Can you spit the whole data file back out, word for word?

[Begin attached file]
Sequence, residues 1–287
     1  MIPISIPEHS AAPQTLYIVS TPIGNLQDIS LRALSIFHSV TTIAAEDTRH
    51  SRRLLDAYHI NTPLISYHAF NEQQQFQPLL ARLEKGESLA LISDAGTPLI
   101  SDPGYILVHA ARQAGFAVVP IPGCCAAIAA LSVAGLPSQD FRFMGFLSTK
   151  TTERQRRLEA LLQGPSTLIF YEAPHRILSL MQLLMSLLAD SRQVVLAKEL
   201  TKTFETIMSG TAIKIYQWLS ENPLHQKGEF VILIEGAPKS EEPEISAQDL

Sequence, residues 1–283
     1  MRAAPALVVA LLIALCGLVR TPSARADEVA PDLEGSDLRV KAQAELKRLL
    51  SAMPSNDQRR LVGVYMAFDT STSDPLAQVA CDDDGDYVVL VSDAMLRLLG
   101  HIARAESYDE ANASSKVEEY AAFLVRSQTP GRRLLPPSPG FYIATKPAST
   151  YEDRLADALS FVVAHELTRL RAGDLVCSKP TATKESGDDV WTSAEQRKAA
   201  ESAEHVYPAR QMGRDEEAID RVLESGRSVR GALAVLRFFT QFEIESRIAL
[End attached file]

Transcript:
Sequence, residues 1–287
     1  MIPISIPEHS AAPQTLYIVS TPIGNLQDIS LRALSIFHSV TTIAAEDTRH
    51  SRRLLDAYHI NTPLISYHAF NEQQQFQPLL ARLEKGESLA LISDAGTPLI
   101  SDPGYILVHA ARQAGFAVVP IPGCCAAIAA LSVAGLPSQD FRFMGFLSTK
   151  TTERQRRLEA LLQGPSTLIF YEAPHRILSL MQLLMSLLAD SRQVVLAKEL
   201  TKTFETIMSG TAIKIYQWLS ENPLHQKGEF VILIEGAPKS EEPEISAQDL

Sequence, residues 1–283
     1  MRAAPALVVA LLIALCGLVR TPSARADEVA PDLEGSDLRV KAQAELKRLL
    51  SAMPSNDQRR LVGVYMAFDT STSDPLAQVA CDDDGDYVVL VSDAMLRLLG
   101  HIARAESYDE ANASSKVEEY AAFLVRSQTP GRRLLPPSPG FYIATKPAST
   151  YEDRLADALS FVVAHELTRL RAGDLVCSKP TATKESGDDV WTSAEQRKAA
   201  ESAEHVYPAR QMGRDEEAID RVLESGRSVR GALAVLRFFT QFEIESRIAL